Top Examples of Smart Goals and How to Set Them

SMART is an acronym for a goal that stands for: 

  • Specific
  • Measurable
  • Achievable 
  • Relevant 
  • Time-Bound

This SMART goal format can help you set and achieve both short-term and long-term goals. You can use this format for business goals and personal goals.

This format is designed to make you, or your team, think through your goals to ensure that they are realistic. It also makes you think about what steps need to be taken in order to achieve those goals. Along with what time frame you want to achieve those goals. 

It's important to approach SMART goals with an open mind and with optimism. After all, you're more likely to achieve a goal that you feel good about. 

Let's take a look at some examples of SMART goals. 

Specific

A good goal is one that states exactly what it wants and how to achieve it. If your goal is too vague there's not a lot to go on.

For example, creating a goal by saying "I want to complete a project" isn't very helpful. When trying to be specific its important to remember the 5 W's:

  • Who 
  • What 
  • When 
  • Where 
  • Why

What are you trying to accomplish and why? Who all should be involved and where does their attention need to be? What steps need to be taken to achieve your goal, and when does each step need to be done? 

A specific goal should sound like this " I want to complete an art project, by painting a mural on my living room wall. I will work on it for 30 minutes each day until it's finished. I want to be done with this project by next month." 

If you do find your goal to be a bit lofty, or more of a long-term goal, it can be helpful to break it down into smaller steps. Then use those smaller steps as individual goals. 

Measurable 

Your goal should be quantifiable, you should be able to measure your progress and growth. This helps us to know if we are on track and if we have areas we need to improve on to reach our goals. For some goals, this may be as simple as using timers, or other simple metrics but other goals may not be as simple.  

Sticking with our art project from earlier, we may choose to measure our progress by how much of the wall we have covered each day. We could do this by taking a picture each day after we've completed our thirty minutes of paint time. Giving us a running progress report measuring how far we've come from the beginning of the project.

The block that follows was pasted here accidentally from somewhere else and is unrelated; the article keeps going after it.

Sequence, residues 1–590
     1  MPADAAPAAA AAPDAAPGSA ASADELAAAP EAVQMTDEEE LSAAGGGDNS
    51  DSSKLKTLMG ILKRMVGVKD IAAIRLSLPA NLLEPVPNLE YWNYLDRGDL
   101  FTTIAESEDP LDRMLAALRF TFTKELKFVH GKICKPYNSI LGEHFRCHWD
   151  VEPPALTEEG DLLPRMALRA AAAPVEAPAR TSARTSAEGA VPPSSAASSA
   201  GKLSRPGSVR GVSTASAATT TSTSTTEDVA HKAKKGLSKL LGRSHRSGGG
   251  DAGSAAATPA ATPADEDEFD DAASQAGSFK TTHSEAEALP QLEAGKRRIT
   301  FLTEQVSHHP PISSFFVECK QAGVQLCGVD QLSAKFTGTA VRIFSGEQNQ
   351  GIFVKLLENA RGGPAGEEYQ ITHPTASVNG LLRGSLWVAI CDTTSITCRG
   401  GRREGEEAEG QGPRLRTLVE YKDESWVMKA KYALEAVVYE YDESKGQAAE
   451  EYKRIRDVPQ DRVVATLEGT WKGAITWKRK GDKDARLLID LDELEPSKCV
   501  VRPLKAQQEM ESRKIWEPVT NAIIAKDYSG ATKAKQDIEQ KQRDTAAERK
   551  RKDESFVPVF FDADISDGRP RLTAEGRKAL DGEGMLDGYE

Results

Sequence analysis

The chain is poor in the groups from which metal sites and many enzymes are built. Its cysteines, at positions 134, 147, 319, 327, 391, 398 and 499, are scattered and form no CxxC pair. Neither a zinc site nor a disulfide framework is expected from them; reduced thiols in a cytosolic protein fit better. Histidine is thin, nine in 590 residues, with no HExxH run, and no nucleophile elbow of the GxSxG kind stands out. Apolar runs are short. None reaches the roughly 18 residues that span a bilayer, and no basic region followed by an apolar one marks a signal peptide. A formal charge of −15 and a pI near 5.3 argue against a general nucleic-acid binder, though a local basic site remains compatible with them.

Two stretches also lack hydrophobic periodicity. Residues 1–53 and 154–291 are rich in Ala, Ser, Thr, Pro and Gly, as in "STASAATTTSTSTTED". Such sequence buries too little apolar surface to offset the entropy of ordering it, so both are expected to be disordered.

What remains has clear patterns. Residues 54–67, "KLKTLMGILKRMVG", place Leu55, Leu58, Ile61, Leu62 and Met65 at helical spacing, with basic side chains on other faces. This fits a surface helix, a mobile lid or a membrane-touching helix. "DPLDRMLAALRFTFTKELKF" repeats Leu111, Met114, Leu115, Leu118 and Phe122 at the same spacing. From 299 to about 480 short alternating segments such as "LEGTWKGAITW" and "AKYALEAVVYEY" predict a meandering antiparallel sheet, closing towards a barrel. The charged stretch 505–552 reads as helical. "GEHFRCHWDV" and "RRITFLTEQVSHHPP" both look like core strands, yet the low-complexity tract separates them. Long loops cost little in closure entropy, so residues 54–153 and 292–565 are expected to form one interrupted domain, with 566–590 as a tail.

Achievable 

Is your goal achievable? Say our art project is to cover the outside wall of a ten-story building. Would we really be able to complete that project in a month while only painting thirty minutes a day? 

As you can see dreaming can be problematic when you're trying to set SMART goals. Our original goal of painting our living room wall on the other hand could be achieved going by the parameters we previously set. 

It's important to set these smaller obtainable goals. This way we can build on our progress to reach those "big dreams". 

Relevant

This part of the SMART goals acronym is your why. Why do you want to achieve this goal? Is it to increase your skills as an artist? Do you want to increase the aesthetic value of your home? 

It's important that your goal be relevant to what you are wanting to achieve in the future. Would you want to paint a mural in your home if you plan to sell it in the next month? Probably not, if that's the case your goal would probably need to be more about freshening up the paint throughout your house. 

When thinking about whether your goal is relevant or not it could be helpful to have your end goal and aspirations in mind while setting your goals. 

Time-Bound

This is probably the most important step in setting SMART goals. By setting a deadline or a time limit you make a commitment to yourself or your team. Gives you the motivation to see the project all the way through. 

This is especially true if you've broken down a more ambitious goal into smaller steps. The more time you take to achieve this smaller goal could further push back those bigger plans you want to achieve. 

Putting a time limit to achieve your goal also helps give you a gauge to measure your progress throughout the project. It can also help keep you on track if you do start to fall behind. 

More Examples of SMART Goals 

Let's take a look at another example of a SMART goal. Let's say you are a high school senior wanting to be a doctor after college. 

This is a very broad goal, in other words, it's not very specific. So let's break it down into smaller, more specific goals.

"I want to graduate in the top 10 of my class at the end of the school year. I can do this by staying on top of my homework, studying hard, and asking a teacher for help if I need it. " 

You've specified what you want and how long it will take. You've listed the steps you will need to take to achieve this goal and who the goal involves. Plus it's relevant to your broader goal of wanting to be a doctor.  

Sometimes knowing how to set a goal is only half of the battle. If you're feeling trepidation about doing it on your own look here for an automated solution. 

Achieve More With Us 

We hope these examples of SMART goals help you achieve all of your long-term goals. Remember your five W's can really help you focus on breaking your goals down into specific, measurable, achievable, relevant, and time-bound goals. 

Check out the rest of our blog for tips on living your best life. Don't forget to share this article with your friends on social media too! 

 



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